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Battle Of Changsha (1939)
The First Battle of Changsha (17 September 1939 – 6 October 1939; ) was the first of four attempts by Japan to take the city of Changsha, Hunan, during the second Sino-Japanese War. It was the first major battle of the war to fall within the time frame of what is widely considered World War II. Background and strategy The war had reached a stalemate after two years of fighting. Professor Fu Sinian (傅斯年) noted in July 1939 that while the Chinese army had become stronger, the Japanese army had weakened. On 15 August, the 11th Army came up with the general plans for a campaign south of the Yangtze, ranging from the Xinjiang River to the Gan River (贛江). In early September, Japanese General Toshizō Nishio of the "Japanese Expeditionary Forces to China" and Lieutenant-General Seishirō Itagaki set out to capture Changsha, the provincial capital of Hunan. The Japanese 101st and 106th Divisions were deployed on the western bank of the Gan River in northern Jiangxi (江西), ...
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Second Sino-Japanese War
The Second Sino-Japanese War (1937–1945) was a military conflict that was primarily waged between the Republic of China and the Empire of Japan. In China, the war is known as the War of Resistance against Japanese Aggression (), or as the Asian theatre of the World Anti-Fascist War, the latter term originating from Mao Zedong's wartime alliance with Stalin. The war made up the Chinese theater of the wider Pacific Theater of the Second World War. The beginning of the war is conventionally dated to the Marco Polo Bridge Incident 7 July 1937, when a dispute between Japanese and Chinese troops in Peking escalated into a full-scale invasion. This full-scale war between the Chinese and the Empire of Japan is often regarded as the beginning of World War II in Asia. In 2017 the Ministry of Education in the People's Republic of China decreed that the term "eight-year war" in all textbooks should be replaced by “fourteen-year war", with a revised starting date of 18 September 1931 prov ...
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Fu Sinian
Fu Ssu-nien (; 26 March 1896 – 20 December 1950), was a Chinese historian, linguist, and writer. He was one of the leaders of the May Fourth Movement in 1919. He studied experimental psychology at University College London from 1920–23. He was also one of the creators of the Academia Sinica, and was named director of the Institute of History and Philology upon its founding in 1928. Early years Fu was born on 26 March 1896 in Shandong, immediately after the First Sino-Japanese War, a time when the traditional systems were being challenged and revolutions were about to happen. In 1909, Fu entered the secondary school set up by Tianjin government, excelling in mathematics, English, and Chinese. In 1913, Fu was accepted by the preparatory school of Peking University where he ranked first upon graduation in humanities division.Wang, Fan-shen, ''Fu Ssu-nien: A life in Chinese history and politics.'' New York: Cambridge University Press, 2000 In 1916, Fu went on to the Chinese Depar ...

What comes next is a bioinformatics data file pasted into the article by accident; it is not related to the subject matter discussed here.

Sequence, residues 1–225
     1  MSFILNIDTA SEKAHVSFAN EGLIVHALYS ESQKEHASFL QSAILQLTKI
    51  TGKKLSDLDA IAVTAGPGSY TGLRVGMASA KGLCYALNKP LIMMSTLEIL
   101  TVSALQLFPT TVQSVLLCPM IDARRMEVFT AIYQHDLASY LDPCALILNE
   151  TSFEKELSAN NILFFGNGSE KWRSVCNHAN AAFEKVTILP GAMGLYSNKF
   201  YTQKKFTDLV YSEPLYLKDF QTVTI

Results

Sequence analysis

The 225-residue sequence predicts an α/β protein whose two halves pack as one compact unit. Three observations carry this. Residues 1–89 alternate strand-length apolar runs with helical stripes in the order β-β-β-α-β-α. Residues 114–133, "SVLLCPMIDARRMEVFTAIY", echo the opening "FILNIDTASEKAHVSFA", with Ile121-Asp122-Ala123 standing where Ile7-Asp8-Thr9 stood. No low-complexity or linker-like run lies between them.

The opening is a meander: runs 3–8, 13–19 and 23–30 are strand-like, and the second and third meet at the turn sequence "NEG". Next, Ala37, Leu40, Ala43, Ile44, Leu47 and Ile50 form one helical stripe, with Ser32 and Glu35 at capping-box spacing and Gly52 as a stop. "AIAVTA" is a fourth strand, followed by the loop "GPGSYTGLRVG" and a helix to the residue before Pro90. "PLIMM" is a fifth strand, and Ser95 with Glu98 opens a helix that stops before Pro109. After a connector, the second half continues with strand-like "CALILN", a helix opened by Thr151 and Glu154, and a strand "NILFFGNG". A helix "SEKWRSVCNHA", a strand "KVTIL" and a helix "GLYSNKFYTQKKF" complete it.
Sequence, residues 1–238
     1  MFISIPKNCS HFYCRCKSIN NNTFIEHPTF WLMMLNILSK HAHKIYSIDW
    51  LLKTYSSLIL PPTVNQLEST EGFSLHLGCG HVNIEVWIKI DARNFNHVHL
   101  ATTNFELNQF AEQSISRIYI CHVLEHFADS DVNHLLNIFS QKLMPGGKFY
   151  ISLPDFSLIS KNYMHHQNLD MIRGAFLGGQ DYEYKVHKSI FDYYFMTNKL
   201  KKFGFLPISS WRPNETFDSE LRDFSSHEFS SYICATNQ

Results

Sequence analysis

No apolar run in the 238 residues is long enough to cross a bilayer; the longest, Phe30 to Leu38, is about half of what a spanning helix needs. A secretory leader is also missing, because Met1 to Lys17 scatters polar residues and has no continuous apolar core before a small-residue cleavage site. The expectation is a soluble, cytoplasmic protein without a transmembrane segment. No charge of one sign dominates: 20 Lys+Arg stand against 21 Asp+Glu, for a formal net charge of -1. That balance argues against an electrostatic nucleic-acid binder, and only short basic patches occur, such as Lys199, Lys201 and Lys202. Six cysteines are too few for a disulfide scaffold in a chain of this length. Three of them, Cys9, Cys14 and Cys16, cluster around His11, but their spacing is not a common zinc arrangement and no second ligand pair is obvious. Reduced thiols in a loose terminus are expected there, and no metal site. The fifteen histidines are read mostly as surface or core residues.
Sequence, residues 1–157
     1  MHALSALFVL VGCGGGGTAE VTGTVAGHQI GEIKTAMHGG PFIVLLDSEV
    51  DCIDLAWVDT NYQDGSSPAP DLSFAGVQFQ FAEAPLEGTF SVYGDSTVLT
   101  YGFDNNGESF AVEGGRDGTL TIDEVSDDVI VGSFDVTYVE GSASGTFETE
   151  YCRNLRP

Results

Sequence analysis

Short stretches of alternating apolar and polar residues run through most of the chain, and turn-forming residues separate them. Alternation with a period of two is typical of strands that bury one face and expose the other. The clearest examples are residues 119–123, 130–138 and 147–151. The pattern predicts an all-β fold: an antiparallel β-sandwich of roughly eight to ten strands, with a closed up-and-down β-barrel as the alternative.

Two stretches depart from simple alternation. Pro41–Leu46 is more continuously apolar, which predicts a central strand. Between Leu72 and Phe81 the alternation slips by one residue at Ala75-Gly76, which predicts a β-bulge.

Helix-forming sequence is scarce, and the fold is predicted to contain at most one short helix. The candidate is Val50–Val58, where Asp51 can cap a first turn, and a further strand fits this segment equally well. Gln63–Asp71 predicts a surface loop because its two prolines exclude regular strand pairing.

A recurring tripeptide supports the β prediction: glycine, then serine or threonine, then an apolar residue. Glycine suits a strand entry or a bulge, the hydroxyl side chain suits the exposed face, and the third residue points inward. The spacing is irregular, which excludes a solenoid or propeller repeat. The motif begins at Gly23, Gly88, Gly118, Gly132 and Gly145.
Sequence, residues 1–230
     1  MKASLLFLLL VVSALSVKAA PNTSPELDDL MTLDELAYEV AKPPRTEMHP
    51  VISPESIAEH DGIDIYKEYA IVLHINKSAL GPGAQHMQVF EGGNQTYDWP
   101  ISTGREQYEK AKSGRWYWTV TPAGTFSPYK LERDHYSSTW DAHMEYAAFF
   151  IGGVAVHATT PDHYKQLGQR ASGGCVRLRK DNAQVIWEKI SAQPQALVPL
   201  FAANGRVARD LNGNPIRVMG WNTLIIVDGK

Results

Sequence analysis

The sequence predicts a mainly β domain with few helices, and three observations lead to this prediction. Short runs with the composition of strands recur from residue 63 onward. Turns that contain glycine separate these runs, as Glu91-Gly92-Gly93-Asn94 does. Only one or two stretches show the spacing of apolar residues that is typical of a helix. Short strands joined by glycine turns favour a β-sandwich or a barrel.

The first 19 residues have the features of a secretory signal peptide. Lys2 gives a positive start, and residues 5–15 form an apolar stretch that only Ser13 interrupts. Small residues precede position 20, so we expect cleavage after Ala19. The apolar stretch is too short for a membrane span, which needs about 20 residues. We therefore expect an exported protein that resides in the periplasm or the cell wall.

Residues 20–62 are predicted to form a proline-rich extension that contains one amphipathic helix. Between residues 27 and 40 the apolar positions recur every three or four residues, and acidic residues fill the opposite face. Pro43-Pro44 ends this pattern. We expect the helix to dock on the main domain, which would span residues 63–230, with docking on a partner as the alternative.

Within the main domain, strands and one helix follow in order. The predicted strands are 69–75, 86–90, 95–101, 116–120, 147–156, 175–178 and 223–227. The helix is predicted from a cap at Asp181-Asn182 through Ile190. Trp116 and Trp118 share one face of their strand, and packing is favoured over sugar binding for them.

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Invasion Of Poland
The Invasion of Poland, also known as September campaign ( pl|Kampania wrześniowa), 1939 defensive war ( pl|Wojna obronna 1939 roku) and Poland campaign (german: Überfall auf Polen, Polenfeldzug), was an attack on the Second Polish Republic by Nazi Germany and the Soviet Union which marked the beginning of World War II. The German invasion began on 1 September 1939, one week after the signing of the Molotov–Ribbentrop Pact between Germany and the Soviet Union, and one day after the Supreme Soviet of the Soviet Union had approved the pact. The Soviets invaded Poland on 17 September. The campaign ended on 6 October with Germany and the Soviet Union dividing and annexing the whole of Poland under the terms of the German–Soviet Frontier Treaty. German forces invaded Poland from the north, south, and west the morning after the Gleiwitz incident. Slovak military forces advanced alongside the Germans in northern Slovakia. As the Wehrmacht advanced, Polish forces withdrew from thei ...
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Battle Of Khalkin Gol
The Battles of Khalkhin Gol were the decisive engagements of the undeclared Soviet–Japanese border conflicts fought among the Soviet Union, Mongolia, Japan and Manchukuo in 1939. The conflict was named after the river Khalkhin Gol, which passes through the battlefield. In Japan, the decisive battle of the conflict is known as the after Nomonhan, a nearby village on the border between Mongolia and Manchuria. The battles resulted in the defeat of the Japanese Sixth Army. Background After the Japanese occupation of Manchuria in 1931, Japan turned its military interests to Soviet territories that bordered those areas. The first major Soviet-Japanese border incident, the Battle of Lake Khasan, occurred in 1938 in Primorye. Clashes between Japanese and Soviet forces frequently occurred along the border of Manchuria. In 1939, Manchuria was a puppet state of Japan known as Manchukuo, and Mongolia was a communist state allied with the Soviet Union, known as the Mongolian People's Rep ...
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Molotov–Ribbentrop Pact
|long_name = |image = Bundesarchiv Bild 183-H27337, Moskau, Stalin und Ribbentrop im Kreml.jpg |image_width = 200 |caption = Stalin and Ribbentrop shaking hands after the signing of the pact in the Kremlin |type = |date_drafted = |date_signed = |location_signed = Moscow, Soviet Union |date_sealed = |date_effective = |condition_effective = |date_expiration = 23 August 1949(planned)22 June 1941(terminated)30 July 1941(officially declared null and void) |signatories = |parties = |depositor = |languages = |wikisource = Molotov–Ribbentrop Pact The Molotov–Ribbentrop Pact was a non-aggression pact between Nazi Germany and the Soviet Union that enabled those two powers to partition Poland between them. The pact was signed in Moscow on 23 August 1939 by German Foreign Minister Joachim von Ribbentrop and Soviet Foreign Minister Vyacheslav Molotov and was officially known as the Treaty of Non-Aggression between Germany and the Union of Soviet Socialist Republics. Unofficially it h ...